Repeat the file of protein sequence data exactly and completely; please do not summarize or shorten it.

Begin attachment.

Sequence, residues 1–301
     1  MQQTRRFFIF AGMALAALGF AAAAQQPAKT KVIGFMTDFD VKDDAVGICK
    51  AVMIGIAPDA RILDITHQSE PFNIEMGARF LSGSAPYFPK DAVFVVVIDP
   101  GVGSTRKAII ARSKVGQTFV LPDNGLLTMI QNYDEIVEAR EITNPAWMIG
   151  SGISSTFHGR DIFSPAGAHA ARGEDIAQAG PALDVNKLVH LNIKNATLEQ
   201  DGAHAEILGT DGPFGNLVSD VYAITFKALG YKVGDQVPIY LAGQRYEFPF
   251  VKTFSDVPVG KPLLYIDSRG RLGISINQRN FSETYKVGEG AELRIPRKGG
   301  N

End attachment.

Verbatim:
Sequence, residues 1–301
     1  MQQTRRFFIF AGMALAALGF AAAAQQPAKT KVIGFMTDFD VKDDAVGICK
    51  AVMIGIAPDA RILDITHQSE PFNIEMGARF LSGSAPYFPK DAVFVVVIDP
   101  GVGSTRKAII ARSKVGQTFV LPDNGLLTMI QNYDEIVEAR EITNPAWMIG
   151  SGISSTFHGR DIFSPAGAHA ARGEDIAQAG PALDVNKLVH LNIKNATLEQ
   201  DGAHAEILGT DGPFGNLVSD VYAITFKALG YKVGDQVPIY LAGQRYEFPF
   251  VKTFSDVPVG KPLLYIDSRG RLGISINQRN FSETYKVGEG AELRIPRKGG
   301  N